The science behind body odor
Whether we're working out, sleeping or at work, we all sweat. It's our body's way of regulating our temperature and is completely normal. What's not normal — funky body odor.
While sweat itself is virtually odorless, when combined with bacteria, your lady parts can become a breeding ground for more bacteria and create an embarrassing, unpleasant odor. Not sure how to get rid of your unwanted stench? We're sharing all the secrets, but first let's figure out what might be causing the body odor in the first place.
What causes bad odors?
Not showering or properly cleansing yourself is often the cause of body odor. Between our daily activities, clothes and outside factors, our bodies pick up bacteria and dirt. Allowing a continuous buildup of this bacteria and dirt without properly cleansing might be the source of your smelliness.
Stress and anxiety
Nervous about a big test or a job interview? When we are nervous or under stress, our bodies naturally release a dose of cortisol, a stress hormone. While the cortisol helps prepare an individual for the upcoming situation, it also makes a person sweat. When this sweat is combined with the bacteria that live on the skin, it can give off a foul odor.
What you eat can affect more than just your waistline — it can affect your body odor, too. The biggest culprit is red meat. Because red meat takes longer to digest, it sits in the digestive tract, releasing toxins into the bloodstream through the large intestine. As a result, your body will excrete those bad smells, leaving a disturbing odor.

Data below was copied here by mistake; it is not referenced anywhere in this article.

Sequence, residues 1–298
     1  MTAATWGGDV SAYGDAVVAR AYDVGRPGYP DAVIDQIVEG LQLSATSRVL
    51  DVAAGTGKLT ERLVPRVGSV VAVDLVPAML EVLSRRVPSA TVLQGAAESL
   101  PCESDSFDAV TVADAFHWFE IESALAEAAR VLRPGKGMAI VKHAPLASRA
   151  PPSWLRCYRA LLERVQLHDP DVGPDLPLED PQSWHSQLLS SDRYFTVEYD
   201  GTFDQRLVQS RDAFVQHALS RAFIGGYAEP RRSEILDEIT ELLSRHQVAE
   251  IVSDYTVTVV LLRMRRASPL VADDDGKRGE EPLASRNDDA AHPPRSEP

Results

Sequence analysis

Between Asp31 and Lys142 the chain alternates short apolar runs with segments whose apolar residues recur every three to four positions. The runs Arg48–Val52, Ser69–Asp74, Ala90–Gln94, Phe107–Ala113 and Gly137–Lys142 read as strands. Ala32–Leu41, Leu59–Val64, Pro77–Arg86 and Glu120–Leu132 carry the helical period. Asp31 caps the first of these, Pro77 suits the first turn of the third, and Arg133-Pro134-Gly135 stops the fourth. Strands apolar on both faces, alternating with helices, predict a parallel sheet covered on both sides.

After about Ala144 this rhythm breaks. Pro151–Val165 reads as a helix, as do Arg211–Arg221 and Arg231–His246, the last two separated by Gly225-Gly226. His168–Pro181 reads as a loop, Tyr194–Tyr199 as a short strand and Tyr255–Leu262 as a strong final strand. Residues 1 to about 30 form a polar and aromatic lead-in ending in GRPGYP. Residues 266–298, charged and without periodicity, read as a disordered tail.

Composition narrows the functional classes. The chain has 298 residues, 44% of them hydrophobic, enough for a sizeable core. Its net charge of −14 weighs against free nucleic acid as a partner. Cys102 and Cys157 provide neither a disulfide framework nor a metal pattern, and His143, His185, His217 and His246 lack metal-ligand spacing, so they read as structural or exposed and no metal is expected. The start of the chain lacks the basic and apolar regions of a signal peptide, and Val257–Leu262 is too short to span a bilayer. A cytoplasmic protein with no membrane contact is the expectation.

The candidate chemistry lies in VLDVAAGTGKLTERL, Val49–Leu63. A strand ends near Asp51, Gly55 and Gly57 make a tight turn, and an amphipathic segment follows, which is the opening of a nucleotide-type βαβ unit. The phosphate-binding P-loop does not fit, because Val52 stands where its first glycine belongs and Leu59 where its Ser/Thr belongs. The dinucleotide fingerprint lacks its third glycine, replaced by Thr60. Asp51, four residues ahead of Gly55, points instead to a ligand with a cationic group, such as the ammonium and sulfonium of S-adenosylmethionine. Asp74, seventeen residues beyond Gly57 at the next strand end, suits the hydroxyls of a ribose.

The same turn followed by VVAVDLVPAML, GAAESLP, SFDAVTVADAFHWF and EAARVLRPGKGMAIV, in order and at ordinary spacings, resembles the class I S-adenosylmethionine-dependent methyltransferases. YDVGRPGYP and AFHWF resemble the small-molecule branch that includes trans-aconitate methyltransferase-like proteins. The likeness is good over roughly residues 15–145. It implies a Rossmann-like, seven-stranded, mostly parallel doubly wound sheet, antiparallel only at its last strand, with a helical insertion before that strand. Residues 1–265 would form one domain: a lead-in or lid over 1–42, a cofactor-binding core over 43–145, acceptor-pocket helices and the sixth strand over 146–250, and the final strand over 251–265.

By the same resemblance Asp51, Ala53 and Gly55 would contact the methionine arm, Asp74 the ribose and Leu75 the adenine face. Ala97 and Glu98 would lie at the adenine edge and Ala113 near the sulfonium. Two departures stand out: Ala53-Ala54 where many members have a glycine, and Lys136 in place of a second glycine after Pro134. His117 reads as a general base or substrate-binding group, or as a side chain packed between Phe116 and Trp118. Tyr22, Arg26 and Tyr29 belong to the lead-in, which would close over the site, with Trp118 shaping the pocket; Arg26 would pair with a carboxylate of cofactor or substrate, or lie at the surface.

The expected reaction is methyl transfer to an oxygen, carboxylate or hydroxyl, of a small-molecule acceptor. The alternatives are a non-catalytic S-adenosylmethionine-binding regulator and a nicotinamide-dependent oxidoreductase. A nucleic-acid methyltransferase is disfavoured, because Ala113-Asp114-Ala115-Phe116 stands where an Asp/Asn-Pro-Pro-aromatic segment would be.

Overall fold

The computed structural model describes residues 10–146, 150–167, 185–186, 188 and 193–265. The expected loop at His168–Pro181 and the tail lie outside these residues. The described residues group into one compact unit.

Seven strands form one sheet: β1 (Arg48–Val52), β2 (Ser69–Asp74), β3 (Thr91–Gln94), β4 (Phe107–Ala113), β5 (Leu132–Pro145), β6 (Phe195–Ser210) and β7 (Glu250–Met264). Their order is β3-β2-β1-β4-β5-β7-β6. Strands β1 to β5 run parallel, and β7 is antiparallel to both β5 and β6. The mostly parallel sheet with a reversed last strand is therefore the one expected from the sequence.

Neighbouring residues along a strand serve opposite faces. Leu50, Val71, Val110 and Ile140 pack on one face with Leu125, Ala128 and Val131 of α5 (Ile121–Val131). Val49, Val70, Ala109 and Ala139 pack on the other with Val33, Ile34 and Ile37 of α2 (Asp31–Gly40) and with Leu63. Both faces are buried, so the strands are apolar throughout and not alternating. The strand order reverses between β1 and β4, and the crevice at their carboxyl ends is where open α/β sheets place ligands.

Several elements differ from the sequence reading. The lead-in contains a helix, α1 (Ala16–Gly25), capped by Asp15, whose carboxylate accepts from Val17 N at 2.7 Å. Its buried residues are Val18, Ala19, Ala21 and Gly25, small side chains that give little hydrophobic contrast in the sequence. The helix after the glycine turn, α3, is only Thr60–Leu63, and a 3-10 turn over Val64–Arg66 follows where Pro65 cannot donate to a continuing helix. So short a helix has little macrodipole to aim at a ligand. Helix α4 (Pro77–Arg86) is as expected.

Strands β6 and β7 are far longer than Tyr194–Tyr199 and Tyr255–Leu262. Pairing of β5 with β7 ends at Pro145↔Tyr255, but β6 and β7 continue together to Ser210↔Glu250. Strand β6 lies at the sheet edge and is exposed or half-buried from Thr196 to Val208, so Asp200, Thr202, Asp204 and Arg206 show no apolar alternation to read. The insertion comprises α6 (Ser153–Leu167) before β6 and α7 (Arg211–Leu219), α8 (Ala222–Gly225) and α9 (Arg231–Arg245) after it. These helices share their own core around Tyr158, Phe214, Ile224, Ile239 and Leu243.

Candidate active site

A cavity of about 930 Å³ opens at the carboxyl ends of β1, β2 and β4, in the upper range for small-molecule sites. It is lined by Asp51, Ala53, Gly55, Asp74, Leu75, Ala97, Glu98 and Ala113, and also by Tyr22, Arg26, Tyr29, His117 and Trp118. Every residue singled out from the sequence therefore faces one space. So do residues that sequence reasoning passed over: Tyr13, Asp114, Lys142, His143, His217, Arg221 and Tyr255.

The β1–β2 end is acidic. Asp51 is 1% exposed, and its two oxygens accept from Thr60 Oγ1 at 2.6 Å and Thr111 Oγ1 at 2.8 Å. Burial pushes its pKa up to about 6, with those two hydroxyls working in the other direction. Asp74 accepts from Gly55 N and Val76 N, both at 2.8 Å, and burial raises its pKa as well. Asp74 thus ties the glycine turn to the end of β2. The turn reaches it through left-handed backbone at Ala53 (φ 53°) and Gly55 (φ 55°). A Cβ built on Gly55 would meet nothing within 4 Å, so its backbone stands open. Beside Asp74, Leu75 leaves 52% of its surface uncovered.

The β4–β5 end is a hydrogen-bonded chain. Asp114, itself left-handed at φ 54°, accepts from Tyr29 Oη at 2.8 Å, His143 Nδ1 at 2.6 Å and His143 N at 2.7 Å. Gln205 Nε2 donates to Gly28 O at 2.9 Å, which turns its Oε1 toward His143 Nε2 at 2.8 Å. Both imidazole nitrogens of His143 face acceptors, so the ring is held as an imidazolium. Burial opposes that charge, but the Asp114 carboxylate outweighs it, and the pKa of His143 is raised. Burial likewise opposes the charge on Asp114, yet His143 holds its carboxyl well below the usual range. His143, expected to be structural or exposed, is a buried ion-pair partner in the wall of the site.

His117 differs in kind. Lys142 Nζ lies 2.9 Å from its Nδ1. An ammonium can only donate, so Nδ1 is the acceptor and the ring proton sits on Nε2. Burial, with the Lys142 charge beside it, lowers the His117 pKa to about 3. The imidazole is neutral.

There are certain health problems that can cause body odor. These health conditions include: diabetes, gastrointestinal disorders, urinary tract infection, athlete's foot, an overactive thyroid, kidney disease and liver failure.
Fighting the funk
If you are experiencing body odor, there are a few ways you can fight the funk.
- Wash regularly — bathing at least once a day can help limit the growth of bacteria on your skin.
- Change your diet — add more greens and healthy proteins and carbohydrates to your diet. Avoid eating too much protein and foods that are high in fat.
- Keep yourself fresh — carry baby wipes with you to keep underarms and other smelly areas fresh throughout the day.
- Do a regular detox — regular sessions can help remove toxic impurities through the skin. Try visiting a sauna or incorporating detoxifying foods to your diet.
- Wear clean, loose clothing — what you wear can prohibit air flow on the skin and create a place for odor-causing bacteria to thrive. Make sure to wear a fresh change of clothes each day and to always wear clothing that allows for breathability.
Sweating is normal, but sweating too much can actually be a sign of an underlying problem. If you are sweating excessively or notice your body odor has changed, you might want to consider seeing your doctor.
Ladies, what deodorant do you recommend for protecting against bad B.O.?